Laura Chase’s 11th-grade biology students investigated social inequities that impact their local communities. Collaborating with a humanities teacher, Laura asked her students to draw from the analytical skills they learned in science, the persuasive methods they learned in English, and the technical skills they learned in film in order to communicate their stories in a thoughtful way.
How did your National Geographic Educator Certification project, which focused on social inequity in Los Angeles, come about?
At the time, I worked at a project-based learning school where teachers collaborate to give students an interdisciplinary educational experience. For my capstone project, I collaborated with a humanities teacher who teaches English and film.
In Los Angeles, we know that our students are exposed to a lot of social inequities. As they develop their political awareness, we want to give them the tools to speak on some of the issues they see in their community. We landed on a “film festival” project: a fun way for students to apply their skills and publicly showcase their findings.
Students worked in small teams, pitched different storyboards and storytelling methodologies, conducted field research and interviews, and created documentaries showcasing their knowledge and opinions. We called them “Op-Docs.” We borrowed the idea from the New York Times’ online channel.
How did your students react to this project? How did you get them excited?
My students are most engaged when lessons connect to the real world. So, it was helpful to focus this project around visible, tangible problems they may regularly witness or experience. Students also had the freedom to choose which social inequity to document, which increased their investment. We saw projects about a wide array of topics, including homelessness, pharmaceutical prices, animal rights, and environmentalism.
We were also lucky enough to have a journalism student from the University of Southern California come in and give the class feedback on their Op-Docs. She looked at their rough drafts and gave advice on music choices, angles, and how to characterize subjects in different ways. Many students took the feedback to heart and made adjustments, which was great practice in handling constructive criticism. Our students were ultimately very proud of their final projects, and loudly cheered each other on during our public film festival.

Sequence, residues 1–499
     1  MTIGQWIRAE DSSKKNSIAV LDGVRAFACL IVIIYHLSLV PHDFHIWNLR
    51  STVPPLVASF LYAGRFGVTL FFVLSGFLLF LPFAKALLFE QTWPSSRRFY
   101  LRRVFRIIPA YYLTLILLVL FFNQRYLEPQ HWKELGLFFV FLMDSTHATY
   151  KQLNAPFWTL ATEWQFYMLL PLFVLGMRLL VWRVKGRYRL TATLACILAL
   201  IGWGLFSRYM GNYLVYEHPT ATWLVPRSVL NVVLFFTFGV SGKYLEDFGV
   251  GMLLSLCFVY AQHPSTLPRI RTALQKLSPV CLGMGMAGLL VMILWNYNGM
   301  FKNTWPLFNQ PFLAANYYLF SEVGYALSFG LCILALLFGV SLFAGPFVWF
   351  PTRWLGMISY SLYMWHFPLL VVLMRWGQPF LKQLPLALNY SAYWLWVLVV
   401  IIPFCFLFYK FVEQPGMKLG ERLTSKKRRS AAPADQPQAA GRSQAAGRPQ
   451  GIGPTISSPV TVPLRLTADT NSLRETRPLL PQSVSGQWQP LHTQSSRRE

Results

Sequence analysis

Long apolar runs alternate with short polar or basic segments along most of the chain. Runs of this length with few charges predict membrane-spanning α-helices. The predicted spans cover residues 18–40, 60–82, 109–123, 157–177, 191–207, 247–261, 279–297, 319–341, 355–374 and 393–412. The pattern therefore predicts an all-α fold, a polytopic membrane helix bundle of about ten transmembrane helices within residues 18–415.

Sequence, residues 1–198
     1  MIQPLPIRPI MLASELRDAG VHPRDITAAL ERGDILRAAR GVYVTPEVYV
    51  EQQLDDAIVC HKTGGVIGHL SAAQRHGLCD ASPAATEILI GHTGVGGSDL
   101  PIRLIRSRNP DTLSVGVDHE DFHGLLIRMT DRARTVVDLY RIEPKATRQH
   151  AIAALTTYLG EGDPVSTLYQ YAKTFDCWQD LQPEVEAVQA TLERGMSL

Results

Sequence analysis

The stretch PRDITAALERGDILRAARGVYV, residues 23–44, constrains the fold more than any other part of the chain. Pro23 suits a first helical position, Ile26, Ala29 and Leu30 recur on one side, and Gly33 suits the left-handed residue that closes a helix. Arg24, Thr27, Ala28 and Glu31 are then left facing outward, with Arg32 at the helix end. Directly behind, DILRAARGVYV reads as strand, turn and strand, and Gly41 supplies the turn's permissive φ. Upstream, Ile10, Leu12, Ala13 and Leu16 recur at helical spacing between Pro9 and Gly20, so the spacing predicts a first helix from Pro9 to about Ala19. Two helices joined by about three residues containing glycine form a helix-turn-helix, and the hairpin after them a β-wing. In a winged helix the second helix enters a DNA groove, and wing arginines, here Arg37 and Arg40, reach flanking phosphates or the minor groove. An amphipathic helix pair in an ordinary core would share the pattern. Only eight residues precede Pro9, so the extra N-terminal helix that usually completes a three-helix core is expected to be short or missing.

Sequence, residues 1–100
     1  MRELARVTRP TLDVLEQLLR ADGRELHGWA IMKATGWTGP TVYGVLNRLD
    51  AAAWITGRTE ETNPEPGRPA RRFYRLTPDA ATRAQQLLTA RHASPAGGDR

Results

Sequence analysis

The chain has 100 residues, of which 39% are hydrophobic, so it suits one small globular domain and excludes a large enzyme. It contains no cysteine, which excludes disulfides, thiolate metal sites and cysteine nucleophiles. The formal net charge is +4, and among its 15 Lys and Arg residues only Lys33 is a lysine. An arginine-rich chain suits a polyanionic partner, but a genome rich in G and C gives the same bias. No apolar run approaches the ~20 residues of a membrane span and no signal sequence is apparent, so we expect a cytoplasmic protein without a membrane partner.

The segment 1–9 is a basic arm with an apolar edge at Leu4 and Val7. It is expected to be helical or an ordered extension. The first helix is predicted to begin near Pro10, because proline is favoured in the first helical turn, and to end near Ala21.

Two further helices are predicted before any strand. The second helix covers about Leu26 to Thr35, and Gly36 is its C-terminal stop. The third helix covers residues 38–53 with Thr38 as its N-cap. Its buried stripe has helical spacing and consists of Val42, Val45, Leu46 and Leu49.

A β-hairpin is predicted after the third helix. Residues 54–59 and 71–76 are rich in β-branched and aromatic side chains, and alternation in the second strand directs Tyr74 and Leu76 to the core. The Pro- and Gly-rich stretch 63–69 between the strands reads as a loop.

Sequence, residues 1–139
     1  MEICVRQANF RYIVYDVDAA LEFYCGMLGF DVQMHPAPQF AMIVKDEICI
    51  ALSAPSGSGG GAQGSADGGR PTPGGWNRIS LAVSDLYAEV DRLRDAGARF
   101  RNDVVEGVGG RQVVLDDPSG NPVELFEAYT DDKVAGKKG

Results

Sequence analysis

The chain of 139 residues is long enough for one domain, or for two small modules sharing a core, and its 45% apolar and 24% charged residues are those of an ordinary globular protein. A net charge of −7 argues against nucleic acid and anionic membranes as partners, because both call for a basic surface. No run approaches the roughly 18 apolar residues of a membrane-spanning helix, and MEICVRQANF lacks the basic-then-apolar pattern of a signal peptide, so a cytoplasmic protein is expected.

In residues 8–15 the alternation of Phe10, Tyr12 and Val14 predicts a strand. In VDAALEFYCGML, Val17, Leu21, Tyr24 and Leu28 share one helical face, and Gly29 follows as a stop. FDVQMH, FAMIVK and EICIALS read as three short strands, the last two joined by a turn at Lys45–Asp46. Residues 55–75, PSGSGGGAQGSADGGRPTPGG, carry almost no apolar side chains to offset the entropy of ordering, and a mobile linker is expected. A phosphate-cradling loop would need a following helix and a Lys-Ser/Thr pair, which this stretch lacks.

What advice can you give other educators who want to help students consider real-world problems and become interdisciplinary thinkers?
In the beginning of every unit, I ask myself, “Why should students care about this content?” And the answer is not allowed to be that they need good test scores, or that this information will be helpful for a college science class. I think it is crucial to draw on current events and student experiences to build meaning and context around scientific data.
Sometimes, in the time crunch to cover content, I think that teachers include real-world applications by sprinkling them onto the end of a unit. Instead, I recommend that we start by saying, “this is a real problem in our community,” or “this is a real career you can pursue.” In my classroom, I’ve found that this shift has inspired genuine interest in the content. I also recommend reaching out to community members to request guest lectures and authentic feedback. Students love presenting to anyone who is not the teacher! It makes things more fun, and reinforces the connections between the classroom and the real world.
As a science teacher, what are your main strategies for connecting the content you teach with real-world applications?
I focus on lab skills and scientific literacy because those are applicable to any class project, and they’re transferable to any career path. While we work on scientific lab design, data analysis, and graph interpretation, we also emphasize ways to communicate findings—with either technical APA-style lab reports or informal oral presentations. No matter where students go after high school, they will need to interpret information, form arguments, and help others understand their perspectives.
I want my students to leave my class knowing they can be scientists if they want to be, but also equipped with the skills to think critically in any situation or field.
Interested in joining Laura as a National Geographic Certified Educator? Learn more at NatGeoEd.org/Certification.
This interview has been edited and condensed. This post was written by 2019 summer intern Meira Ruben.